NOTA BENEcultural shifts taking place at that time. And, it features two veryinteresting guest artists: baroque flutist Emma Elkinson, and narratorColin Fox.●●May 13: The Toronto Chamber Choir’s afternoon “Kaffeemusiks”are a mix of expert and entertaining commentary from music directorMark Vuorinen with music sung by the choir. In this, the last ofthem this season, choir and soloists perform Bach’s cantata Brichdem Hungrigen dein Brot (Break Your Bread For the Hungry). Theirpress release offers this invitation: “In the spirit of the cantata’sreflections on the transformative power of charity, we encourage youto contribute to our food drive for the needy who live in our richlyblessed city.”●●May 20 & 21: Among the diverse groups who choose to focuson a particular aspect of the vast musical universe is the TorontoContinuo Collective, whose aim is to explore the art of baroqueaccompaniment and all that it entails: figured bass harmony, supportingtext inflection, ornamentation, word painting, improvisation,and everything else that makes the music speak and come alive.Nota Bene Baroque.In this pair ofconcerts, entitled“L’Authentiqueamour français,”they’ll show offtheir skills in aprogram of rarely-heardgems ofthe 17th-centuryFrench Baroque,by composerssuch as PierreGuedron andMarc-AntoineCharpentier.With their lutes,violins, viols andkeyboards, they’llbe joined byguest soloists, soprano Emily Klassen and tenor Bud Roach.●●May 24 to 27: Tafelmusik’s music director, Jeanne Lamon, hasobserved that for them, playing Beethoven feels like playing “newmusic that’s exploding” because they come to it from the perspectiveof the music that has gone before, rather than approaching itfrom a 21st-century perspective. Conductor Bruno Weil has calledTafelmusik “a great Beethoven orchestra, because Beethoven needsthe passion of every individual player.” You can experience thispassion for yourself in this month’s group of concerts, when theyplay the mighty “Eroica” Symphony, paired with an even later work:Mendelssohn’s Symphony No.4, the “Italian.”●●And immediately afterwards, Tafelmusik embarks on an OntarioTour: You can catch them May 29 in Owen Sound (presented by theSweetwater Music Festival); May 30 on Manitoulin Island; May 31in Parry Sound (presented by Festival of the Sound); June 1 in PortHope (presented by Port Hope Friends of Music).●●May 27: How wonderful to be able to contribute to the welfareof our fellow creatures on the earth, and to that of their habitat,through music. Soprano Ariel Harwood-Jones is well known from herperformances with Tafelmusik (as soloist and within the ChamberChoir), with Opera Atelier, Sine Nomine ensemble and many othergroups. She has gathered together a formidable group of fellowmusicians — among them, harpsichordist Sara-Anne Churchill,gambist Justin Haynes, violinist Larry Beckwith —who all contributetheir artistry in a “Friends & Family Concert,” with music byPurcell, Handel and Bach. Admission is pay-what-you-can andproceeds will go to the Canadian Wildlife Federation.For details on all these and more, please see The WholeNote’sdaily listings.Simone Desilets is a long-time contributor to The WholeNotein several capacities who plays the viola da gamba.She can be contacted at earlymusic@thewholenote.com.Métis Fiddler QuartetPresentsA live performance of theirdebut albumThursday May 10, 20126:00 pm reception, 7:00 pm performanceLakeside Terrace, Harbourfront Centre235 Queens Quay West, Toronto, ON M5J 2G8Part of PLANET INDIGENUS co-produced by HARBOURFRONT CENTRE and WOODLAND CULTURAL CENTREPantone versionCMYK versionBlack & White versionFree admissionrsvp@metisfiddlerquartet.comCD available onlinemetisfiddlerquartet.com@metisfiddlerfacebook.com/metisfiddlerquartetMay 1 – June 7, 2012thewholenote.com 23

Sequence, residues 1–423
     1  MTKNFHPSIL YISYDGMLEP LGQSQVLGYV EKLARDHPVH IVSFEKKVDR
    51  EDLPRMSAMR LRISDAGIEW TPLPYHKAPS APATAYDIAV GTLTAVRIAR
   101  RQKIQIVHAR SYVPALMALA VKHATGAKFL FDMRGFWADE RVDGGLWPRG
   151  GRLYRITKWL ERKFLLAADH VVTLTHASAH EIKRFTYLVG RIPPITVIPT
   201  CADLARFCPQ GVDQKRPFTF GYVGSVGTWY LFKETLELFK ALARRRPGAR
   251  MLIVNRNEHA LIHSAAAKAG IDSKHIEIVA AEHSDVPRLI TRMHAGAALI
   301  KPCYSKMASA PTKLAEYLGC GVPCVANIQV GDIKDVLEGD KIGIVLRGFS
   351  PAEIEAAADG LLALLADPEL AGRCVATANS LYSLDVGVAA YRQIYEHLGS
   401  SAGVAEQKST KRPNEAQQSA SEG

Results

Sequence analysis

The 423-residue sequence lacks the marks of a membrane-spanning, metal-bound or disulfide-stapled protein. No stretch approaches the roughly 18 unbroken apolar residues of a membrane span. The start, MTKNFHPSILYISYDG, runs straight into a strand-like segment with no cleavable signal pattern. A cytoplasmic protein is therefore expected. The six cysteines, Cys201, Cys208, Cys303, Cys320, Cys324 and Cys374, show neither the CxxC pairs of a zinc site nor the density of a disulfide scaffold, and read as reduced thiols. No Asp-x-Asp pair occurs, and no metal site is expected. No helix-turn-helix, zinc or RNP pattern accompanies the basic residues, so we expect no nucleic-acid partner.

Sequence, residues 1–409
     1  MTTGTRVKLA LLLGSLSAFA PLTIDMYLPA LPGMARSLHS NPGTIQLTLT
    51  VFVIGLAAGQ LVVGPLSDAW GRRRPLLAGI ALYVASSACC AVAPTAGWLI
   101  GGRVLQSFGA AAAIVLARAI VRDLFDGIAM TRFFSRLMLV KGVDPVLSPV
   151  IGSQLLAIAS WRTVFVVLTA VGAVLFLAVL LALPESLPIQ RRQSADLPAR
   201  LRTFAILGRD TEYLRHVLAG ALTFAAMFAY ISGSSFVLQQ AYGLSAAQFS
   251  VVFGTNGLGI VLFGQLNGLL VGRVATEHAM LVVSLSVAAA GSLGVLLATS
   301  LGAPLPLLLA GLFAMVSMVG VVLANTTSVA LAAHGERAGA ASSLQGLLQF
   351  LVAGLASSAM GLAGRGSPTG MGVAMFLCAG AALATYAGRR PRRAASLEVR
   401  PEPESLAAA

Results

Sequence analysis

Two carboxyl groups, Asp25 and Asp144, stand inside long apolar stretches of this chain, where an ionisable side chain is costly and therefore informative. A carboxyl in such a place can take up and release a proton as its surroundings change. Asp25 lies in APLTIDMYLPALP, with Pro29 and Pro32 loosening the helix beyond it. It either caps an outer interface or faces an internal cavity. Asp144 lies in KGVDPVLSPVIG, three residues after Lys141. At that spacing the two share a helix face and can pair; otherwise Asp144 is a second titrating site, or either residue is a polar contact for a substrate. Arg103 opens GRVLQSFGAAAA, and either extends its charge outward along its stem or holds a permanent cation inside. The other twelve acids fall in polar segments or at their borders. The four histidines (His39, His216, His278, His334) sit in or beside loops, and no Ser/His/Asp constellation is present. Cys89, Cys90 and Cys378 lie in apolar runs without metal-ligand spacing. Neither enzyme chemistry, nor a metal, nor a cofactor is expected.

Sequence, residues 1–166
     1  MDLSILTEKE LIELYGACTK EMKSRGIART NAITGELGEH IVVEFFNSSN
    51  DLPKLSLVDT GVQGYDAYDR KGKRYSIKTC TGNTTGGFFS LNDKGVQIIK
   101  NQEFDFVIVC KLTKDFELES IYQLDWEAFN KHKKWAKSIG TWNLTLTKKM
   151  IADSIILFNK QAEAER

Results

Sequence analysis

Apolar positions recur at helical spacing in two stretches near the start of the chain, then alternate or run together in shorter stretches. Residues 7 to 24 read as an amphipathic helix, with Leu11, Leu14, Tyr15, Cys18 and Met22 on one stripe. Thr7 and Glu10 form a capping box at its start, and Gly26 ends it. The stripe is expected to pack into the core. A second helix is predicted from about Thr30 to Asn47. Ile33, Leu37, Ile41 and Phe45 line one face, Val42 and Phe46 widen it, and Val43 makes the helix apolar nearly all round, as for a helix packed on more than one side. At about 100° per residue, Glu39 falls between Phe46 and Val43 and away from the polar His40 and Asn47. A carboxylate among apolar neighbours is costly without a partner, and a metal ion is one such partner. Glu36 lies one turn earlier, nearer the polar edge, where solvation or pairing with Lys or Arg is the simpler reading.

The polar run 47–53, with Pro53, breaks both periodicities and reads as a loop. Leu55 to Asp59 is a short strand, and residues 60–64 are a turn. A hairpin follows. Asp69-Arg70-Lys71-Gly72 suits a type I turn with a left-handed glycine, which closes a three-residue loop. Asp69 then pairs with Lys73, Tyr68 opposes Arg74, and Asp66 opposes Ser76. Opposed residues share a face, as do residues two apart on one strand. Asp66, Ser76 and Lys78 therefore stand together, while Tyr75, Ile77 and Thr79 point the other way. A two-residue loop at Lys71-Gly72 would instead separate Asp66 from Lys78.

Volume 26 (2020- )

Volume 26 Issue 1 - September 2020
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Volume 25 Issue 9 - July / August 2020